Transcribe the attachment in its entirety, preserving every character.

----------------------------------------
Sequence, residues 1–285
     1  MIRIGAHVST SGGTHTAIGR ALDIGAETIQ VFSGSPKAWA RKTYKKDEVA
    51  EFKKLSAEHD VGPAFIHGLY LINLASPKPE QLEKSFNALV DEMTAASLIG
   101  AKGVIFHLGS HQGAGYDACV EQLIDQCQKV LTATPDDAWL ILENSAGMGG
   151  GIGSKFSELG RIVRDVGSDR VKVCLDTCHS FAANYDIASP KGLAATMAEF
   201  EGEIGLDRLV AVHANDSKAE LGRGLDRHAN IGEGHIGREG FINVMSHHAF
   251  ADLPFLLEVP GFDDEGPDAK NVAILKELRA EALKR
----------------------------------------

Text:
Sequence, residues 1–285
     1  MIRIGAHVST SGGTHTAIGR ALDIGAETIQ VFSGSPKAWA RKTYKKDEVA
    51  EFKKLSAEHD VGPAFIHGLY LINLASPKPE QLEKSFNALV DEMTAASLIG
   101  AKGVIFHLGS HQGAGYDACV EQLIDQCQKV LTATPDDAWL ILENSAGMGG
   151  GIGSKFSELG RIVRDVGSDR VKVCLDTCHS FAANYDIASP KGLAATMAEF
   201  EGEIGLDRLV AVHANDSKAE LGRGLDRHAN IGEGHIGREG FINVMSHHAF
   251  ADLPFLLEVP GFDDEGPDAK NVAILKELRA EALKR